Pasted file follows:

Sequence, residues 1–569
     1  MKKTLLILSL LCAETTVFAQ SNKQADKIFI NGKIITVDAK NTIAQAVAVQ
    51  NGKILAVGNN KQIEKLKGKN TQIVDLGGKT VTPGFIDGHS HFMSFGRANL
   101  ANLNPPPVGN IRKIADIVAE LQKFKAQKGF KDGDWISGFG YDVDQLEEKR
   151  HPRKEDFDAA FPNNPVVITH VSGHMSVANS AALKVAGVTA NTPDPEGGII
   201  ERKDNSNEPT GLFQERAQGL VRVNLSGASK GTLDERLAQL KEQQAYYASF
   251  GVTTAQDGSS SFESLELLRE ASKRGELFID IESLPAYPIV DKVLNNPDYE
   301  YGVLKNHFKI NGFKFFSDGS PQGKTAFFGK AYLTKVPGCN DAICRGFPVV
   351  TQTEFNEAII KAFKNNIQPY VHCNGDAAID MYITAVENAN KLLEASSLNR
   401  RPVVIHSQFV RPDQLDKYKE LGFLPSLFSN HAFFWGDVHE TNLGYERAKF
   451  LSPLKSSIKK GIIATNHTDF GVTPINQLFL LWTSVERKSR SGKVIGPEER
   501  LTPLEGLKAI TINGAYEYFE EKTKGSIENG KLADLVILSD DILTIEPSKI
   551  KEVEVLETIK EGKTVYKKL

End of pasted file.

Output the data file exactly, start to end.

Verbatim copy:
Sequence, residues 1–569
     1  MKKTLLILSL LCAETTVFAQ SNKQADKIFI NGKIITVDAK NTIAQAVAVQ
    51  NGKILAVGNN KQIEKLKGKN TQIVDLGGKT VTPGFIDGHS HFMSFGRANL
   101  ANLNPPPVGN IRKIADIVAE LQKFKAQKGF KDGDWISGFG YDVDQLEEKR
   151  HPRKEDFDAA FPNNPVVITH VSGHMSVANS AALKVAGVTA NTPDPEGGII
   201  ERKDNSNEPT GLFQERAQGL VRVNLSGASK GTLDERLAQL KEQQAYYASF
   251  GVTTAQDGSS SFESLELLRE ASKRGELFID IESLPAYPIV DKVLNNPDYE
   301  YGVLKNHFKI NGFKFFSDGS PQGKTAFFGK AYLTKVPGCN DAICRGFPVV
   351  TQTEFNEAII KAFKNNIQPY VHCNGDAAID MYITAVENAN KLLEASSLNR
   401  RPVVIHSQFV RPDQLDKYKE LGFLPSLFSN HAFFWGDVHE TNLGYERAKF
   451  LSPLKSSIKK GIIATNHTDF GVTPINQLFL LWTSVERKSR SGKVIGPEER
   501  LTPLEGLKAI TINGAYEYFE EKTKGSIENG KLADLVILSD DILTIEPSKI
   551  KEVEVLETIK EGKTVYKKL